Stan's World - Always Beware

John Zeltmann |

August 15, 2022

Our business relates to money, specifically your money, so our interest is always piqued when we hear about scams seeking to separate our clients from their hard-earned assets. And if you think we focus on this topic too much, you’re correct. In fact, we’d like to send out even more reminders. 

As you already know, we periodically remind clients to make sure they have the latest updates from Apple, Microsoft, et al. In addition, we urge clients to utilize such services as McAfee to monitor and protect their computers from prying ‘eyes.’

When the phone rings, we’d prefer you not answer unknown phone numbers. The caller may be pretending they are from the Social Security Administration, the IRS, Amazon, or whoever else might cause you to react spontaneously when they introduce themselves. If you don’t answer, you can’t be scammed by a mere message. Plus, you’ll have time to think about the contents of the message, especially if it includes a request for money. (You’re always welcome to call us for our opinion, especially if money is involved.) 

So it was with great dismay that we read about the case of Ms. Carole Robinson, as profiled in the Business section of The Star Ledger1. Frankly, the story of Ms. Robinson is a lesson to us all. It also demonstrates that we should all spend more time on personal security.

In brief, Ms. Robinson thought she received an email from McAfee, the virus protection software company. The email said her Wells Fargo account had been charged $499.99 for her annual subscription. This was not a subscription she wanted, so she called the number in the email to request a refund.  While helping her process the refund, the phony representative convinced her to grant him access to her Wells Fargo account so he could process everything smoothly. And thus began a horrible scam.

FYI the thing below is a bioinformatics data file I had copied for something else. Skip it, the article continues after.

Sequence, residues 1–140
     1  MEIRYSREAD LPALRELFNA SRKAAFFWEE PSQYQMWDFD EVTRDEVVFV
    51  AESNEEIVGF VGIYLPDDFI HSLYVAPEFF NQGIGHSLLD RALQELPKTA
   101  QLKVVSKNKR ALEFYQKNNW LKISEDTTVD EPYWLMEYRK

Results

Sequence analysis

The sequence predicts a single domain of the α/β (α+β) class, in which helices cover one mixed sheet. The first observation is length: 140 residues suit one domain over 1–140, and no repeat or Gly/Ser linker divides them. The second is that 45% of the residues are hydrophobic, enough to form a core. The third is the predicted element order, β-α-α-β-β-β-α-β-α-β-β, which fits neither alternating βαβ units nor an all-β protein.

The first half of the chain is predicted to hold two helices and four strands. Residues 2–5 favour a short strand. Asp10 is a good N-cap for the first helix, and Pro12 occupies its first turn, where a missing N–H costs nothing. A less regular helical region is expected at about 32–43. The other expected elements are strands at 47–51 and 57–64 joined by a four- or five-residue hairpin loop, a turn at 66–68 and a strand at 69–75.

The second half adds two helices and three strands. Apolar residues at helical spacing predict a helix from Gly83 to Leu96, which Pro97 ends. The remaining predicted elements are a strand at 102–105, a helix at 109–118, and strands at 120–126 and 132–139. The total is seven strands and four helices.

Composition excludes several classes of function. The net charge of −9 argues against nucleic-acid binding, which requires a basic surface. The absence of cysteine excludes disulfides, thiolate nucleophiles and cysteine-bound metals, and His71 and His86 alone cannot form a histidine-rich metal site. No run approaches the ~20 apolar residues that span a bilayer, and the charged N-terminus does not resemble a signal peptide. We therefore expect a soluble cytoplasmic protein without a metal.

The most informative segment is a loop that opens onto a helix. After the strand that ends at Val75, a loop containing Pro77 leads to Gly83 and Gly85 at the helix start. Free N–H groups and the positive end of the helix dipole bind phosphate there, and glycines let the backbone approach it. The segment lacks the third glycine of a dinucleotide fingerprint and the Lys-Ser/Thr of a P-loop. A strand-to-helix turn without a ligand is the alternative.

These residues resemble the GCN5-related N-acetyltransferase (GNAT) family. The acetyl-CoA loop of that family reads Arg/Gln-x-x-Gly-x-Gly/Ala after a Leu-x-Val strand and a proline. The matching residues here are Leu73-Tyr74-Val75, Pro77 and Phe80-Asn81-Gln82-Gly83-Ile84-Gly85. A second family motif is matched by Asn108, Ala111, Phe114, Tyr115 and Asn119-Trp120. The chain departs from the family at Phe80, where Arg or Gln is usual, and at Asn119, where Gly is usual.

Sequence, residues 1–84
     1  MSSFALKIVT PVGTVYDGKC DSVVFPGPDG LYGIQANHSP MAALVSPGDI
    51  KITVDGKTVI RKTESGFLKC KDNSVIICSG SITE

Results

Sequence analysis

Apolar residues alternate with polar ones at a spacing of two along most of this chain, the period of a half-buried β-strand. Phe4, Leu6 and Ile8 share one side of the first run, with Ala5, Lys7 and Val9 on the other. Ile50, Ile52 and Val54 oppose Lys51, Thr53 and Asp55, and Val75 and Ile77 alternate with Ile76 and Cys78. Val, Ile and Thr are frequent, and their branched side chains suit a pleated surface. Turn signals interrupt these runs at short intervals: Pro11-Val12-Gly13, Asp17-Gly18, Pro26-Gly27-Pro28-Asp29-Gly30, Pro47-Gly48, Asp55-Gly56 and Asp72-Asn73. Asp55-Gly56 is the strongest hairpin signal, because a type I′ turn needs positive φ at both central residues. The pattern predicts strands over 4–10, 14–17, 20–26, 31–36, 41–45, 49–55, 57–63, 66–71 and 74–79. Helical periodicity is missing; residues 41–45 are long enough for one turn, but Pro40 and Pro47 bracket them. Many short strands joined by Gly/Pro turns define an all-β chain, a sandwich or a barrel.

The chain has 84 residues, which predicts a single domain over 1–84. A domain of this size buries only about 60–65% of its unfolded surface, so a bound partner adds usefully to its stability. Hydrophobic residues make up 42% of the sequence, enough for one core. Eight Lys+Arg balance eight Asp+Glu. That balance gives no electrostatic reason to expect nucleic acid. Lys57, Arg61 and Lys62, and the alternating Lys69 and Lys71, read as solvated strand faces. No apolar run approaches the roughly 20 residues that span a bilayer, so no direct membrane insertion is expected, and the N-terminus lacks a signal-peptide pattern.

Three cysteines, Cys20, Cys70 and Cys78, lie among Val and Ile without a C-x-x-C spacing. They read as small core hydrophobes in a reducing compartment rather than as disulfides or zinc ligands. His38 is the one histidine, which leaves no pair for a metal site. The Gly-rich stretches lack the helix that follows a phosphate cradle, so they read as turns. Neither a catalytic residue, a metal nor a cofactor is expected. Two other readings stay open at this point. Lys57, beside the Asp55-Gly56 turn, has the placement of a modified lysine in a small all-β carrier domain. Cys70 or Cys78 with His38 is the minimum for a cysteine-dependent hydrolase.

Some lessons to take from Ms. Robinson’s experience:

  • Lesson #1: Never assume emails are accurate or even sent by the company/person as alleged. In fact, if you float your cursor over the sender’s address, you’ll be able to determine the true source of the email. In this instance, I suspect the return address did not even include  
  • Lesson #2: Never call any phone number included in an email without Googling the sender’s company contact information to make sure the phone number is legitimate.
  • Lesson #3: Never allow a caller to access your computer. In Ms. Robinson’s case, computer access helped facilitate the Wells Fargo transfers.
  • Lesson #4: Don’t go to the bank and initiate a cash withdrawal, regardless of who you think you speak with on the phone. As part of the scam, Ms. Robinson was even given specific directions as to what to say to the tellers should they question her very large cash withdrawals. (As an aside, the tellers at the bank did their job and did question the reason for the large withdrawals.)

The Robinson tragedy is one of 17,000 identity theft calls to the Federal Trade Commission from NJ alone, and that’s just year-to-date in 2022. (There were more than 31,000 in 2021.)

The heart-breaking result of this scam: Ms. Robinson lost a staggering $420,000 and is now fighting to stay in her home.

If you read this story and think it can’t happen to you, think again. Caught off-guard by a phone call, pop-up, or email, you may act in a way that is totally foreign to you. Should that occur, STOP, and pause whatever you’re being directed to do. Call a family member, or us, or a friend, and explain what’s being asked of you. Any bills or expenses that are legitimate can always be paid another day. It’s the scammer who requires immediate action, and you should be prepared to resist via the final and perhaps most important lesson, Lesson #5: Discontinue all communication.





1 Karin Price Mueller | NJ Advance Media for “Woman, 81, Gets Scammed out of $420K. Now She May Lose Her Home.” Nj, 15 Aug. 2022,
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